|Kogan v North St. Community, LLC|
|2011 NY Slip Op 00618 [81 AD3d 429]|
|February 3, 2011|
|Appellate Division, First Department|
|Published by New York State Law Reporting Bureau pursuant to Judiciary Law § 431.|
|Stanley J. Kogan et al., Respondents,|
North Street Community, LLC, et al., Respondents, et al., Defendants. North Street Community, LLC, et al., Third-Party Plaintiffs-Respondents-Appellants, v Nino Tripicchio & Son Landscaping et al., Third-Party Defendants-Appellants.
Order, Supreme Court, New York County (Emily Jane Goodman, J.), entered May 19, 2010, which, insofar as appealed from, denied the motion by North Street Community, LLC, 311 North Street, LLC, and Bettina Equities Company, LLC (collectively North Street) for summary judgment dismissing the complaint as against them, denied Tripicchio's motion for summary judgment dismissing the third-party complaint as against it, and implicitly denied third-party defendant Merchants Mutual Insurance Company's motion for summary judgment declaring that it has no obligation to provide insurance coverage for North Street in connection with the first-party action and dismissing the third-party complaint and all cross claims against it, unanimously [*2]modified, on the law, to grant Tripicchio's motion and to grant Merchants' motion and declare that it has no obligation to provide insurance coverage for North Street in connection with the first-party action, and otherwise affirmed, without costs. The Clerk is directed to enter judgment in favor of Tripicchio dismissing the third-party complaint as against it and judgment in favor of Merchants dismissing the third-party complaint and all cross claims against it.
North Street submitted certified weather records and an expert meteorologist's affidavit showing that temperatures on the day before the accident rose to 61 or 62 degrees and that any ice that might have formed overnight would have melted by the time of plaintiff's accident. Thus, North Street established prima facie that it neither created nor had notice of an icy condition in its parking lot (see Smith v Costco Wholesale Corp., 50 AD3d 499, 500-501 ; Baptiste v 1626 Meat Corp., 45 AD3d 259 ). Plaintiff's testimony that he slipped on a 2½-foot-by-1½-foot patch of ice, coupled with his expert's affidavit stating that ice had formed by 3:00 a.m. and would not have melted by the time of plaintiff's fall, raised issues of fact as to North Street's notice of the alleged icy condition (see Garcia v Mack-Cali Realty Corp., 52 AD3d 420 ).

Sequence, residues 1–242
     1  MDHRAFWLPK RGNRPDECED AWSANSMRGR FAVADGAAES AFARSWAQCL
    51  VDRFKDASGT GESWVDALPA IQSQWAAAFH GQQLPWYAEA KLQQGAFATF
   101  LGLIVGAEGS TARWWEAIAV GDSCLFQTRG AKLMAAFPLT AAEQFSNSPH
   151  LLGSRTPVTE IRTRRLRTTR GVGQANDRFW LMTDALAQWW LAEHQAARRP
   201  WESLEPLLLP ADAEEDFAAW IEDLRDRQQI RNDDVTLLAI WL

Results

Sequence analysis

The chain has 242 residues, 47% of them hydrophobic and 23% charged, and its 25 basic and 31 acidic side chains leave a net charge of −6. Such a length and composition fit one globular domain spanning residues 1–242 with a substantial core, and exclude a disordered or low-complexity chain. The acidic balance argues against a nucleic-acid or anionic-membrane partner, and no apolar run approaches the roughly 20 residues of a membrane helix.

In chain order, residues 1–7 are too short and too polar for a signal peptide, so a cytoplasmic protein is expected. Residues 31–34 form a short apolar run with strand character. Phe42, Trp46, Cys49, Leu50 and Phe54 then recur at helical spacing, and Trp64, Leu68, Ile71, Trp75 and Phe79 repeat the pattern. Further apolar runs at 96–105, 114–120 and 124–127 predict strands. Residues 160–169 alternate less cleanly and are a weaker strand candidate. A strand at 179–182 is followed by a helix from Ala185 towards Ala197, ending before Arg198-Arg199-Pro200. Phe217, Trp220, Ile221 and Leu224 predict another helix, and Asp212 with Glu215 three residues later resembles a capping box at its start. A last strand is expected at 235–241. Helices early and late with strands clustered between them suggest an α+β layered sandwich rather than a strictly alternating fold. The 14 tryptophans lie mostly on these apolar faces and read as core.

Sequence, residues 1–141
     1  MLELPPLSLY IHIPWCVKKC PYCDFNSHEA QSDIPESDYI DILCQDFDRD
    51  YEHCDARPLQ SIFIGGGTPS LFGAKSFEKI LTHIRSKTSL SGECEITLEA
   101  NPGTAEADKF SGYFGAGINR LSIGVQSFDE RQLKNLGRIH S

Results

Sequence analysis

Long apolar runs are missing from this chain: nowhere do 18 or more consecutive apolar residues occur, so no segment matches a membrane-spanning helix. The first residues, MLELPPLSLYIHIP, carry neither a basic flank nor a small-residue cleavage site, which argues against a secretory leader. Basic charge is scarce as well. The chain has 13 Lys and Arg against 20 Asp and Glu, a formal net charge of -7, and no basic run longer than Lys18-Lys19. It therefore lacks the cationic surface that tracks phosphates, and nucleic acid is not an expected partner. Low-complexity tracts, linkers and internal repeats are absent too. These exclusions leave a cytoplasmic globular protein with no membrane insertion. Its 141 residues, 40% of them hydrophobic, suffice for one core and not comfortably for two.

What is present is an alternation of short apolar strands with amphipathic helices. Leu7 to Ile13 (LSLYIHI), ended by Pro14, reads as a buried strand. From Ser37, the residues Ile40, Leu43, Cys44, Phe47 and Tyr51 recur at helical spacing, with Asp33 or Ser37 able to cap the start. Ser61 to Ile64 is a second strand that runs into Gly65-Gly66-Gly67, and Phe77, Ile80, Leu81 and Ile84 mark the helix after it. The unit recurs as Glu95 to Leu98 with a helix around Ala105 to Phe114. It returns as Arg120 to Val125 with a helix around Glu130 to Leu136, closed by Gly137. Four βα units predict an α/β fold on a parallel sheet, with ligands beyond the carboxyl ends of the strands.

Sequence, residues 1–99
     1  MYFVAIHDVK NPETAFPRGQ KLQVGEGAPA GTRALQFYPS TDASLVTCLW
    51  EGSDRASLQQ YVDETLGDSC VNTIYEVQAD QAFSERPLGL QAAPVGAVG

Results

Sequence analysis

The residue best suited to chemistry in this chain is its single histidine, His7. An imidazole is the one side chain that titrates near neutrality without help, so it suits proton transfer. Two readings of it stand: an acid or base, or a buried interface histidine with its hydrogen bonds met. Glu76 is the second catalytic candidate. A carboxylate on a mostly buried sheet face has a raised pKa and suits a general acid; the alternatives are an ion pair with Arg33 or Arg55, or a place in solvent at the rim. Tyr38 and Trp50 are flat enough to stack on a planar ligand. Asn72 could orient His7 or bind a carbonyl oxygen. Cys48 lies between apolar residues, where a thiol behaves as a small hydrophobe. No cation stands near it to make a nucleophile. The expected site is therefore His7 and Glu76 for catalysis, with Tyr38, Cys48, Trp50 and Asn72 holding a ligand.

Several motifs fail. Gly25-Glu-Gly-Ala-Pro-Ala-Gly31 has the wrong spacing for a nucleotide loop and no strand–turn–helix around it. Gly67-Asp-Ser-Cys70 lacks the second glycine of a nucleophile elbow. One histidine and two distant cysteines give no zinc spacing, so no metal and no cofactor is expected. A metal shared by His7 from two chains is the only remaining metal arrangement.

Pursuant to its "Contract for Maintenance & Snow Plowing" with North Street Community, LLC, Tripicchio was required only to "snow plow if needed" for three winter months (including, without dispute, January 2006, the month of plaintiff's accident). On its face, the contract called for salt to be applied only after plowing had been performed. North Street's on-site property manager testified that Tripicchio was required to inspect for refreezing only in the event of snowfall. It is undisputed that, on January 18, the day before the accident, the temperature reached at least 61 degrees, and there was rain but no snow. There is no evidence in the record of any snowfall after January 15, when about one-half inch of mixed snow and sleet fell, with only "trace" accumulation, and it is undisputed that the temperature would have caused any snow remnants to melt by midnight on January 18. In sum, there is no record of any snowfall event that could have triggered Tripicchio's duty to either plow or inspect the premises for refreezing on the morning of the accident. Accordingly, plaintiff's fall did not arise from Tripicchio's performance of its work. Therefore, North Street is not entitled to contractual indemnification against Tripicchio. Because Tripicchio had no liability for plaintiff's accident, North Street is also not entitled to contribution or common-law indemnification against it (see Mas v Two Bridges Assoc., 75 NY2d 680, 689-690 ).
Finally, even were we to find Tripicchio liable, recovery would not lie against Merchants. North Street learned of the accident approximately two weeks after it occurred, but failed to notify Merchants until four months later. This delay rendered the notice untimely under a provision in Tripicchio's policy requiring that Merchants be notified of an occurrence "as soon as practicable." Thus, Merchants had no obligation to North Street under the policy (see Republic N.Y. Corp. v American Home Assur. Co., 125 AD2d 247 ). In view of the foregoing, we do not reach Merchants' remaining insurance-related issues. Concur—Saxe, J.P., Friedman, Catterson, Acosta and Richter, JJ. [Prior Case History: 2010 NY Slip Op 31202(U).]